International PrEP study (VOICE) discontinues use of tenofovir vaginal gel due to lack of efficacy
28 February 2012. Related: Transmission.
Simon Collins, HIV i-Base
On 17 November a large international Phase 2b study looking at interventions to reduce HIV sexual transmission announced that it will discontinue use of a 1% tenofovir vaginal gel and matched placebo gel due to the study’s data and safety monitoring board (DSMB) finding no difference in efficacy between these two groups. 
In the latest review the DSMB found a 6% HIV incidence rate among participants in both the tenofovir gel group and the placebo gel group. No other safety concerns (other than efficacy) have been reported with any of the studied interventions.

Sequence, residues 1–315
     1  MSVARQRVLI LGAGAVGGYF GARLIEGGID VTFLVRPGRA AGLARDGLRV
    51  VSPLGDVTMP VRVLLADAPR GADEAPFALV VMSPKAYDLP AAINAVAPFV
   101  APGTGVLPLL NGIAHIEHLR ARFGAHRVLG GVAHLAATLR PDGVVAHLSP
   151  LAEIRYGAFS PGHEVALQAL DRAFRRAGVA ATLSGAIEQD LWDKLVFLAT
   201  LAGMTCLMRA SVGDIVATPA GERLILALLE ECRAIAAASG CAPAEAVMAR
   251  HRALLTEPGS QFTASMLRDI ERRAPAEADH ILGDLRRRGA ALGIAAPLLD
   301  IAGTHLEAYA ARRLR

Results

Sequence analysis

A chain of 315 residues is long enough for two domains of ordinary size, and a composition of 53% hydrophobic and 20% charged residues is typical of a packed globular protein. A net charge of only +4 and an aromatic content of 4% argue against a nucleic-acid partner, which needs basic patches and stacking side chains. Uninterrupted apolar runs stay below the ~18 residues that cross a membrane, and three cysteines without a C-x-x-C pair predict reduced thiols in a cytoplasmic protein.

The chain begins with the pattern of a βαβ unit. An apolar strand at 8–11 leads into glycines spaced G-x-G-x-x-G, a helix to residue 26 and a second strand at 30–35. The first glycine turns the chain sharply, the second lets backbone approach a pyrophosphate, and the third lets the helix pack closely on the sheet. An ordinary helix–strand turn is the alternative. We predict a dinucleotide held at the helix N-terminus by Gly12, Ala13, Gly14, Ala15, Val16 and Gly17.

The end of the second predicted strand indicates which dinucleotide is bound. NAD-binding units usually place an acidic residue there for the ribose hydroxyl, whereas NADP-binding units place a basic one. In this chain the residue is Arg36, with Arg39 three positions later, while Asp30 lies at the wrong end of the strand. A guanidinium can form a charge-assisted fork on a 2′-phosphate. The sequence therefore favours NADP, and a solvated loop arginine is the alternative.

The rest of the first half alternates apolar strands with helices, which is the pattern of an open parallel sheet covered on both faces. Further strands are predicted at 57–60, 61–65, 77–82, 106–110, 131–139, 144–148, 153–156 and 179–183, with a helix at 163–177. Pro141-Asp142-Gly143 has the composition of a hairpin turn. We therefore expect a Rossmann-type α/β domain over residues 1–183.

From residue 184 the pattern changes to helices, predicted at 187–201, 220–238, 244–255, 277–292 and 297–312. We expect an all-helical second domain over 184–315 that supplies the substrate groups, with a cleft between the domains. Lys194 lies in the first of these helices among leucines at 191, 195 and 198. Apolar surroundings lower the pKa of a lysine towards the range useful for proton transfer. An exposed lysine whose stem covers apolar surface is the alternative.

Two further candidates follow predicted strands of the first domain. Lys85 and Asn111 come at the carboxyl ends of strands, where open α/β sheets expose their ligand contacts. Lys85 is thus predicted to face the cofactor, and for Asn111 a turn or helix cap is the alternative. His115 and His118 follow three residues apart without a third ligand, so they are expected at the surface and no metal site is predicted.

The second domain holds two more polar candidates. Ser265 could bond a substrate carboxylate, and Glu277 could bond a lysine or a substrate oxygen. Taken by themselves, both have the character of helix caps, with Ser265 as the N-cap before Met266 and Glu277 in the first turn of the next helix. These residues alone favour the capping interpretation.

This is the second major change in the US NIH funded VOICE study (Vaginal and Oral Interventions to Control the Epidemic) in two months. In September, we reported in HTB that the use of daily oral tenofovir was discontinued for a similar lack of efficacy. 
The study originally enrolled more than 5,000 HIV-negative women at 15 clinical research sites in Uganda, South Africa and Zimbabwe. The study randomised women to one of five groups: daily oral tenofovir, daily oral Truvada, daily oral placebo tablet, daily tenofovir gel or daily placebo gel.
Only the daily oral Truvada and oral placebo arms will continue to be studied, with results expected in 2013.
- NHI press statement: NIH discontinues tenofovir vaginal gel in ‘VOICE’ HIV prevention study: product safe but no more effective than placebo. (25 November 2011).
- DSMB stops oral tenofovir monotherapy arm of VOICE PrEP study due to lack of difference compared to placebo. HIV Treatment Bulletin (HTB), October 2011.
Statement and Q&A from Microbicide Trials Network (MTN):